By Ivan Sorensen
Welcome to the second of a series of essays discussing the how and the why of Five Parsecs From Home. The aim of this series is to help shed more light into the design decisions that went into the game, both so people will understand them better but also to make it easier to make your own adjustments, house rules and hacks.
In this second installment, I am going to talk about the structure of the campaign and why it works the way it does.
The basic model of the campaign is very much based on long-running television and anime shows, particularly older shows before the season-long story-arc became the norm.
Each episode features roughly the same characters but sees them in a new adventure, dealing with the alien monster of the week or solving some sort of mission or problem.
Occasionally you get story arcs that last for several episodes before they are resolved and you resume the usual state of things.
This maps very well to the gameplay of Five Parsecs where each tabletop battle is another episode and we’re seeing what the crew are getting up to this week. The campaign and character tables fit into this as well, adding the “slice of life” events that usually surround the main action of the episode.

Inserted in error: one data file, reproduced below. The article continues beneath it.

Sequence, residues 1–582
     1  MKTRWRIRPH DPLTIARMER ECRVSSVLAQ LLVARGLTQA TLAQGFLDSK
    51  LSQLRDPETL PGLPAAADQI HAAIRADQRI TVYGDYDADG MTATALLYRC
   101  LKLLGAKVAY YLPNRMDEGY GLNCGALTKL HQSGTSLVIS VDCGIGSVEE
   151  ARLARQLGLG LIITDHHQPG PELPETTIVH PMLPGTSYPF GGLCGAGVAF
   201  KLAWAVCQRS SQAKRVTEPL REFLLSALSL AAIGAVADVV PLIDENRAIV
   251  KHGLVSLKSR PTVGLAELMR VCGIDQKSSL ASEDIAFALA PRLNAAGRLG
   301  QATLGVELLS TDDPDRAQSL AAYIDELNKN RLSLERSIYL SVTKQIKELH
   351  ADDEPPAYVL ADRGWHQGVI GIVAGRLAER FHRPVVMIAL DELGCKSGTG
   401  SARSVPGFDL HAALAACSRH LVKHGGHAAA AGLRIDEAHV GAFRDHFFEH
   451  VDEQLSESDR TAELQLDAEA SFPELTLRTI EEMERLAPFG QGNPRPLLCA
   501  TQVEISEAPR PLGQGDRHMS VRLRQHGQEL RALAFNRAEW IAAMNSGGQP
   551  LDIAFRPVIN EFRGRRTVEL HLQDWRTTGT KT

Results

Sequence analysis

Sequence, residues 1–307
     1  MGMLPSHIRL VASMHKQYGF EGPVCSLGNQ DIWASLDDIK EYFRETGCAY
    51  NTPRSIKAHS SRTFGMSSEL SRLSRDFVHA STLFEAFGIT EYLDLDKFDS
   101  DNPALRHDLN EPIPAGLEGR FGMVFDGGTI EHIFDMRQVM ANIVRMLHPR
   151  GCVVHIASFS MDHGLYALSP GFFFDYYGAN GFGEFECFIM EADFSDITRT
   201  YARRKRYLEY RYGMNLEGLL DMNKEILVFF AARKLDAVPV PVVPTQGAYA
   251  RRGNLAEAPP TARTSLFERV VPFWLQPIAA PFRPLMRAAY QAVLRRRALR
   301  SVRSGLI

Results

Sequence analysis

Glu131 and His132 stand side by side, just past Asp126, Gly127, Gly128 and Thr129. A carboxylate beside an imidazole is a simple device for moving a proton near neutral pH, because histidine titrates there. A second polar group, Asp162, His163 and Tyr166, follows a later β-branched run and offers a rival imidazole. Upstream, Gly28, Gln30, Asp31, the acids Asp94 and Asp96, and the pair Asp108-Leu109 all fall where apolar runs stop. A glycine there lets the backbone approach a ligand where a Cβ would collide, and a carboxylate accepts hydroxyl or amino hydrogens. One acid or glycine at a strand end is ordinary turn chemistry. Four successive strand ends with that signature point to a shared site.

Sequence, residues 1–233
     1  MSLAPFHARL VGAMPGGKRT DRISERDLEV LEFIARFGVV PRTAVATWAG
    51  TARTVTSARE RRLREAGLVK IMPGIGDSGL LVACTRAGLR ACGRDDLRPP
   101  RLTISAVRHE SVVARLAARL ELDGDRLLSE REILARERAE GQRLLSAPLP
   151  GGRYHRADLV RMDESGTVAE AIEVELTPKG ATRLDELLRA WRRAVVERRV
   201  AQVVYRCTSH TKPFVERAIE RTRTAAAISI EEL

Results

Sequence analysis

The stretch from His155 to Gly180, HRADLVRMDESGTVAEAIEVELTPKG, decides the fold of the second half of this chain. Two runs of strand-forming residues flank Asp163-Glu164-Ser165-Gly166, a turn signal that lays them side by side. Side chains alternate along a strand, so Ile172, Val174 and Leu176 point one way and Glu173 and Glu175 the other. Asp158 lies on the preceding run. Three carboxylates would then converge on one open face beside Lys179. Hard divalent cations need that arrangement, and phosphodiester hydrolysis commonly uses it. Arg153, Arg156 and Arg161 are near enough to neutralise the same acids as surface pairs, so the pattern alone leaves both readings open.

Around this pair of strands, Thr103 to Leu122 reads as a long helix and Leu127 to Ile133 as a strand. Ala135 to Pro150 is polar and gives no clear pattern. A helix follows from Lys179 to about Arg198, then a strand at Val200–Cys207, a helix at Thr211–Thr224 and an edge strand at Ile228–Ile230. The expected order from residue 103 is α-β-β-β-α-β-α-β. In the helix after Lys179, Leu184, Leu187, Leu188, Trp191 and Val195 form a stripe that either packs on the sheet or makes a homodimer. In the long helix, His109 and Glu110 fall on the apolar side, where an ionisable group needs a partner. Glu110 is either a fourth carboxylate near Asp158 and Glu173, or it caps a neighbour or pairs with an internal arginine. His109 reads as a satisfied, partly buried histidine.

A fairly common question is why the encounters don’t link together more, to create a stronger narrative. In part it is because of the above reason, but part of it is also that Five Parsecs is at its heart a miniatures game and painting up strange creatures to fight for an encounter is part of the enjoyment as well.
There is of course no reason you can’t change up encounters to link together more strongly or create your own story tracks with predetermined foes, but from a miniatures gaming perspective, fighting a variety of foes is simply more interesting and fun.
So there you have it. Agree? Disagree? Do you want more randomness or more story? Let me know at firstname.lastname@example.org